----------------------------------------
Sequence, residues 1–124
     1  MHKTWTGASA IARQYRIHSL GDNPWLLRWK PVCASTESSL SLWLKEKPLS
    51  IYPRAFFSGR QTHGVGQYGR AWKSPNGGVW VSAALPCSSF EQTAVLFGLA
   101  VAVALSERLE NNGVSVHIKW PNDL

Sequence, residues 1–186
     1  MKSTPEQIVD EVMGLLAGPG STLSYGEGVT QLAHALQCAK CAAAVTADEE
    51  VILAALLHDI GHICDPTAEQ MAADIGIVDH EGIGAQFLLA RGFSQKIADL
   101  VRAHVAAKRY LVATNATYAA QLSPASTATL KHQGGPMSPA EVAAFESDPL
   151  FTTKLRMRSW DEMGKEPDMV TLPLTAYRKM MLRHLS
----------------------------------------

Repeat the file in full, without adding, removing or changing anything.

Sequence, residues 1–124
     1  MHKTWTGASA IARQYRIHSL GDNPWLLRWK PVCASTESSL SLWLKEKPLS
    51  IYPRAFFSGR QTHGVGQYGR AWKSPNGGVW VSAALPCSSF EQTAVLFGLA
   101  VAVALSERLE NNGVSVHIKW PNDL

Sequence, residues 1–186
     1  MKSTPEQIVD EVMGLLAGPG STLSYGEGVT QLAHALQCAK CAAAVTADEE
    51  VILAALLHDI GHICDPTAEQ MAADIGIVDH EGIGAQFLLA RGFSQKIADL
   101  VRAHVAAKRY LVATNATYAA QLSPASTATL KHQGGPMSPA EVAAFESDPL
   151  FTTKLRMRSW DEMGKEPDMV TLPLTAYRKM MLRHLS